Plastic cups, broken glass and food wrappers lay on the concrete and in a tangle of vines in front of a graffiti-covered vacant house in Bushwick.
Until recently, this house was a ‘zombie home’ — a moniker for one- to four-family vacant or abandoned homes that either have a mortgage in delinquency or are in the foreclosure process.
Though the graffiti persists, the Department of Housing Preservation & Development (HPD) was able to facilitate structural improvements to safeguard the home last year — namely repairing broken siding and sealing the windows — thanks to its Zombie Homes Initiative, a program formed to enforce the 2016 “Zombie Law.”
The 2016 legislation requires banks and mortgage servers to inspect, maintain and report zombies or face penalties of up to $500 every day the properties are not maintained. The city recently announced that it has recouped more than $1 million in penalties. More than half of that pot — $667,000 — came from properties in Brooklyn.
Central Brooklyn is a known zombie hot spot, according to an HPD spokesperson. The registry is not public, but HPD confirmed that it contains 1,126 total NYC properties and nearly 40 percent are in Brooklyn. (Officials estimate the total number of zombies could be closer to 2,000.)
In the case of the Bushwick house, HPD referred the property to the NYC Law Department in 2018 and settled with Wells Fargo, the mortgage holder at the time, for $11,900 in 2020. (The property has since officially gone through foreclosure and is now part of Wells Fargo's Real Estate Owned investment portfolio.) That case represents one of 59 Brooklyn zombies the city has targeted with legal action since 2017—26 have reached settlements.
“The Zombie Homes Initiative holds banks and lenders accountable for allowing vacant and abandoned homes to fall into disrepair at a time when New Yorkers desperately need more affordable opportunities to purchase a home,” said William Fowler, HPD deputy press secretary.
Properties become zombies when a bank begins the foreclosure process but doesn’t complete it. Homeowners will sometimes vacate anyway, leaving the home in a foreclosure limbo state.
Many zombies are remnants of the 2008 subprime mortgage crisis, according to a report from the Local Initiatives Support Corporation (LISC) and the Urban Institute.
The report notes that Black and brown homeowners were frequently the targets of predatory lending schemes.
“In the wake of the Great Recession, Black households had over half of their household wealth erased through foreclosures and housing value declines,” the report reads.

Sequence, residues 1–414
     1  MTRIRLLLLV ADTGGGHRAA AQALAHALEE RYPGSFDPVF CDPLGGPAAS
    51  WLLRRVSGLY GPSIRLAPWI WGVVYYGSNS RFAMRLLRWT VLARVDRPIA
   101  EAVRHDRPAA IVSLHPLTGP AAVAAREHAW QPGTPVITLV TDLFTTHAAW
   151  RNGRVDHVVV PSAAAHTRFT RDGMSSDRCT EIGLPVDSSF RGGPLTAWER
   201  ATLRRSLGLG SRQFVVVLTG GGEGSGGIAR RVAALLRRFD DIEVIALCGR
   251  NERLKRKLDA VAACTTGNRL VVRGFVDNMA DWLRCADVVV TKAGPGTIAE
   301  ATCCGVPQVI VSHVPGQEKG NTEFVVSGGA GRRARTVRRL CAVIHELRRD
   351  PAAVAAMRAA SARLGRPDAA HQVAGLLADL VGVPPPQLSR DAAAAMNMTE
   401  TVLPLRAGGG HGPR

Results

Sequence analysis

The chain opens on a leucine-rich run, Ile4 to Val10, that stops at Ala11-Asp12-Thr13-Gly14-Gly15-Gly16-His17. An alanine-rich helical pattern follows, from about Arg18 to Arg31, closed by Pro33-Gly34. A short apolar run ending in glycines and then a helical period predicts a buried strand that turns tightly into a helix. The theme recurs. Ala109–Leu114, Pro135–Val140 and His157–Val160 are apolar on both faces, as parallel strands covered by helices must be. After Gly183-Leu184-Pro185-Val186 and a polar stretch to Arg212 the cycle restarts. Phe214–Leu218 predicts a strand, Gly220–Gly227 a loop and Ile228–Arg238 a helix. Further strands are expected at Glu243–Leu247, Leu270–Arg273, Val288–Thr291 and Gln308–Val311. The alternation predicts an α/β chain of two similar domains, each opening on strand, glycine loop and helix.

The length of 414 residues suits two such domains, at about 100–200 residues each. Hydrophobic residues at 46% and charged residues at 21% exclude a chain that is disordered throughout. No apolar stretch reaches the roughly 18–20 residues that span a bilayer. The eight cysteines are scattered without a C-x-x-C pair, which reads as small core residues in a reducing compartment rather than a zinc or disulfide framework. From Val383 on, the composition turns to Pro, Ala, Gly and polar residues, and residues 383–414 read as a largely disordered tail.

The city is pursuing zombie home acquisition and rehab with the Restored Homes Housing Development Fund Corporation and the Center for NYC Neighborhoods (CNYCN).
“Vacant and abandoned properties provide an untapped source of affordable housing,” Fowler said. “That is the ultimate goal for this program: to breathe new life into zombie homes by turning neighborhood blight into new opportunity."
But now that pandemic-related restrictions on foreclosures have ended, more New Yorkers are at risk of foreclosure. More than 10 percent of homeowners in several neighborhoods in Central and East Brooklyn were behind on mortgage payments as of last September, according to data from CNYCN.
Sabrina Bazile, a senior program manager with the CNYCN’s Black Homeownership Project who has also worked for HPD, said many people don’t understand how long the foreclosure process takes or know their options for fighting it.
“People get that notice and think ‘I have to leave now,’” Bazile said.
Several agencies and programs help people keep their homes, including NHS Brooklyn, Brooklyn Neighborhood Services, the city’s Homeowner Help Desk and HomeFix. The Black Homeownership Project is launching Generation 2 Generation this month to provide pro-bono estate planning services to Black homeowners and help mitigate issues such as deed theft and inherited debt.
“Homeowners of color are dealing with systemic issues,” Bazile said, listing redlining, environmental destruction and gentrification. “We know the issues and we actually have the tools to address them, it’s just [a matter of] matching them and getting the city and state to come to the table in a serious manner.”